The silver lining to a baby’s cry

I wonder what you think when I say ‘crying babies’. Do you get annoyed at the sound? Do you cringe when it’s your baby?

A baby’s first cry is the best sound to hear when a child is born. But I think it stops being the best sound pretty quickly!

A new mother can quickly become frustrated by cries, especially when she can’t meet the needs, or she doesn’t know the cause.

When I had a newborn baby, I never had enough milk and my daughter was supplementary feeding before we left hospital. I was advised to persevere with breastfeeding – and I did. But it wasn’t easy as I travelled the fraught path of breastfeeding and supplementing and dealt with the worst (and best, I suppose) of both worlds. So mostly when my baby cried it was because she was hungry. But I couldn’t always provide what she needed and never as quickly as she wanted.

There were other times when I had no idea why she was crying. I used to wish that babies came with a digital temperature readout so I knew if they were sick; hot and cold indicators; stomach full and empty gauges; nappy full and empty gauges; and some method of knowing if they were in pain or just being impatient.

But as good or as frustrating as a baby’s cry is for us mothers, it is a very useful thing for the baby. When we respond to our baby’s cry with food, comfort, warmth, safety or a clean nappy, our baby learns that reaching outside himself for help brings things he needs. The baby may seem helpless but he/she has a voice. And she uses this voice to get her basic needs met. Even before a baby knows it has a mother it cries, by instinct, into the void – and you, its mother, hear and answer.

Gradually, through these experiences, the baby comes to understand important things about his/her parents – firstly you, the mother. In the way that you respond to their cries, your baby learns:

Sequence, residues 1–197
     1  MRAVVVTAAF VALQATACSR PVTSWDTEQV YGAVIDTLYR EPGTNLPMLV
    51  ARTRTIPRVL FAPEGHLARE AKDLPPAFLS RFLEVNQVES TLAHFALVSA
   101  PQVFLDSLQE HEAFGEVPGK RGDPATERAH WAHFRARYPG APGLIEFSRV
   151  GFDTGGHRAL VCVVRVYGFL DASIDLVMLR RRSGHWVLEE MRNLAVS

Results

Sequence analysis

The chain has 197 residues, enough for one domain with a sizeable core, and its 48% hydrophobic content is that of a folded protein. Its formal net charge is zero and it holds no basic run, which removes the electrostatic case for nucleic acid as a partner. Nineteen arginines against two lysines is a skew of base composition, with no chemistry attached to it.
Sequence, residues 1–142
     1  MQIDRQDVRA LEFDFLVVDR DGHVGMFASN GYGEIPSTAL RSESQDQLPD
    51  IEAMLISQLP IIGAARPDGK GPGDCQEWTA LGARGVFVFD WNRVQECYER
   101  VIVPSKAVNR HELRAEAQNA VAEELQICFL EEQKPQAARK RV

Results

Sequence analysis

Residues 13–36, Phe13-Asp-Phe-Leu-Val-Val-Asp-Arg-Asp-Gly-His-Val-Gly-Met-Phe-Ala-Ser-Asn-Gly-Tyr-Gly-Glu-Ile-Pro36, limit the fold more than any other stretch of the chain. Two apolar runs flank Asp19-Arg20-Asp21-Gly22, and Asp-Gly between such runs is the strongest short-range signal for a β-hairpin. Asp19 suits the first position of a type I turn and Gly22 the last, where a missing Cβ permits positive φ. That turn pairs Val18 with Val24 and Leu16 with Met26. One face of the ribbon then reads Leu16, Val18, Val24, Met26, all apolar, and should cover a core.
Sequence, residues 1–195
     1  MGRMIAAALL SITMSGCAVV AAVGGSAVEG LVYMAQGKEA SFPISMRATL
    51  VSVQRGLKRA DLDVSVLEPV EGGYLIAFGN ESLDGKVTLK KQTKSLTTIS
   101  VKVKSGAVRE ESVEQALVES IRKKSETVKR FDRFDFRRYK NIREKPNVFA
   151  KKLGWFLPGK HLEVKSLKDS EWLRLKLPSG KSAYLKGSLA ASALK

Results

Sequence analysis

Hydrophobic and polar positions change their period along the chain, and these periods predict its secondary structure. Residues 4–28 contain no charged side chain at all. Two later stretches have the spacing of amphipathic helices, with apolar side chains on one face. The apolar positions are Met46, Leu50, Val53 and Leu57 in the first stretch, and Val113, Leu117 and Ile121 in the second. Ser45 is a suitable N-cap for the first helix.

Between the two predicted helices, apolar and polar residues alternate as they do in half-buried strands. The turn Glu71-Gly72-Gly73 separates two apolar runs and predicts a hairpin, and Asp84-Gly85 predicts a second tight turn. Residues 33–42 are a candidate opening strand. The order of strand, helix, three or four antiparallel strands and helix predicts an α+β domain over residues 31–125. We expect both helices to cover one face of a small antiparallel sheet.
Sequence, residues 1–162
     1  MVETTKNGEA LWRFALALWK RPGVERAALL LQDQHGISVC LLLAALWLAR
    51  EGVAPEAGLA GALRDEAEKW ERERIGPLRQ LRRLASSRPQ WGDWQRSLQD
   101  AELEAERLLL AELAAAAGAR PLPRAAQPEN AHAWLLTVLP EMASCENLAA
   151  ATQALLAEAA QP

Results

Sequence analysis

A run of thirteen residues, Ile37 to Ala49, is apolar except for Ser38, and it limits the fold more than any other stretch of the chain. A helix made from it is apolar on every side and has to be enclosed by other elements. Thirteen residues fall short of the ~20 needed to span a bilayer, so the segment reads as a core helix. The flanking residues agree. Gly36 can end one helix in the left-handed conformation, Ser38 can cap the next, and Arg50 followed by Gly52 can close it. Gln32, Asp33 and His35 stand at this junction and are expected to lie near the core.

• how much of your time, energy and patience you will invest in loving them;
  • how available you are to give them your undivided attention, both quality and quantity time;
  • how reliable you are in responding to their needs, holding them close, smiling at them, making them laugh;
  • how you ease them into learning patience and independence; and
  • how carefully you try to understand them.

Maybe, next time your child cries, think about how you can use it as an opportunity to show them what sort of a mother you want them to know you are.

Our baby might be a good model for us as mums as well. When I find myself in situations where I have overwhelming needs or feel helpless, my baby’s cry can remind me that I, too, have a voice. I, too, can reach out beyond myself for support – to family, to mum friends, or a quick prayer to God. I don’t need to face every challenge alone.

Lexia Smallwood
Managing Director

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